Kalamazoo, Lansing, Grand Rapids, Traverse City
Wednesday, April 17th, 2019 by Amanda Waldmann
Musty. Moldy. Rank. Closed off. Rotting. Wet dog. Gym bag. Old shoe. Trash can. Our customers have used many colorful terms to describe what’s wafting out of their basement or crawl space, but the one thing they can agree on is that it’s terrible, and they want it gone.
We talk about “that smell” a lot, especially at the beginning of spring, but today we’re going to talk about it again. Because it’s gross. And because, if you have any water issues in your home - even just high humidity - you know the smell we’re talking about.
Before we talk about how to get rid of it, let’s go over The Smell’s origin story again. For the sake of this explainer, let’s say you have a basement. When water comes in - whether it’s through cracks in your foundation, up through the floor due to hydrostatic pressure, or even from a leaking window - it can set problems in motion. Even if you can’t see standing water, but feel a general clamminess in the air, your basement is at risk.
Water, be it standing or ambient (aka humidity) is one of the two things necessary to harbor and spread mold. The other is a food source - any kind of organic material will do. Wooden joists, the paper backing on fiberglass insulation, and cardboard boxes are all pretty common in basements, and provide a tasty snack for mold spores. As mold grows and spreads, The Smell grows, and can be circulated through your home through the HVAC system or even microscopic gaps between the joists and the house. Once mold spores have taken root, colonies grow and spread quickly, and a small problem can get out of control.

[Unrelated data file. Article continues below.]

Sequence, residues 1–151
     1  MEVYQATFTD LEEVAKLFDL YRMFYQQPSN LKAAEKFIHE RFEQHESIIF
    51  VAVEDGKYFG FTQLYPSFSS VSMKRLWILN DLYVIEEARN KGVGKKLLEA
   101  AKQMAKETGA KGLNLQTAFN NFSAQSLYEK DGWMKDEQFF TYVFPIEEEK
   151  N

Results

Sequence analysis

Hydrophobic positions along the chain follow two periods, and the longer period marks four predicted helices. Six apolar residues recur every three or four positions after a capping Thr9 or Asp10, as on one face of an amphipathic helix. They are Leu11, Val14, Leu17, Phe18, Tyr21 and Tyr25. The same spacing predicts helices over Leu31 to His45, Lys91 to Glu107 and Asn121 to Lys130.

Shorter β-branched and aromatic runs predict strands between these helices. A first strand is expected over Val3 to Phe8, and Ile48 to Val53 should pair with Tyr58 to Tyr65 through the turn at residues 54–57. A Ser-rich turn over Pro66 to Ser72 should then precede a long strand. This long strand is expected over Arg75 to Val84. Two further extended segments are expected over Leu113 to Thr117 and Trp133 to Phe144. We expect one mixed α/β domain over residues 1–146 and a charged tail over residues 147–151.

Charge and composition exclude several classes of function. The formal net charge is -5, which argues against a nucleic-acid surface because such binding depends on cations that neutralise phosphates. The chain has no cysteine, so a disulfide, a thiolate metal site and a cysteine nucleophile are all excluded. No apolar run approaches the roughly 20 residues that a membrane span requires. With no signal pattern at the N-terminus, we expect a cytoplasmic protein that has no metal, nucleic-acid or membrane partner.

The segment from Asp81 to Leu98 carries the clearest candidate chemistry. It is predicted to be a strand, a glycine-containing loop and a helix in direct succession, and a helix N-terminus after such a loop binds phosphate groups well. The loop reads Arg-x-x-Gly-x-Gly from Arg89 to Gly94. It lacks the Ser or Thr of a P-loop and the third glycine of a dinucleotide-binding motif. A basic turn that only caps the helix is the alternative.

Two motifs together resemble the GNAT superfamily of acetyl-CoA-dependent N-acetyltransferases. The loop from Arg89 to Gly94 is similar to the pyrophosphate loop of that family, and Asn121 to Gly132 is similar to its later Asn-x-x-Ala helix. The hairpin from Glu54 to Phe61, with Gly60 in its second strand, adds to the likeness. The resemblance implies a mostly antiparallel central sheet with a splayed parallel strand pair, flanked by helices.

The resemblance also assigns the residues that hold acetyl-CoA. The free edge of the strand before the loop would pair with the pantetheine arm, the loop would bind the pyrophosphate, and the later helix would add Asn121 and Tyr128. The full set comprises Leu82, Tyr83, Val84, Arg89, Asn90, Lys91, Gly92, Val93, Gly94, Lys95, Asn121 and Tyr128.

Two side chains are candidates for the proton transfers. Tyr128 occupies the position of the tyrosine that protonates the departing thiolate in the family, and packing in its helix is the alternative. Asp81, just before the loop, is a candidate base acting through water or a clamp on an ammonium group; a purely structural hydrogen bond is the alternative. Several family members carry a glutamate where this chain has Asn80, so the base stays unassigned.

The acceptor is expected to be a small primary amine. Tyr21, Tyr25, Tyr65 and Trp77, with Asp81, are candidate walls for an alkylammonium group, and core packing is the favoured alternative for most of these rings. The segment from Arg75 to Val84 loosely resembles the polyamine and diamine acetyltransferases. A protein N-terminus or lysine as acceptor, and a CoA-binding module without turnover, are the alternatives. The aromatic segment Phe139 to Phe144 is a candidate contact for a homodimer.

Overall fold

Now that we’ve covered how mold - and The Smell - form, we can talk about how to get rid of it. Since you can’t really get rid of the organic material in your basement (the boxes could be moved but those wooden joists are...kind of important), eliminating the water is the way to go.
The first step to water mitigation is identifying the source of the leak and repairing it. This might mean a waterproofing system in your basement or encapsulation in your crawl space. But if your water issues are more of the ambient variety than a visible leak, a dehumidifier is a must. Dehumidifiers remove water from the air until humidity reaches the desired level. This makes the environment inhospitable to mold and eradicates the funky smells, keeping your whole home fresher. (Pro tip: If your bathroom has a musty smell despite running the vent fan, try a portable tabletop dehumidifier.)
Repairing the problems that allow moisture to enter and then putting systems in place to prevent recurrence is key to keeping your home safe, comfortable, and free of gross smells emanating from below. Call us today to schedule your free inspection and ask how a dehumidifier can help you.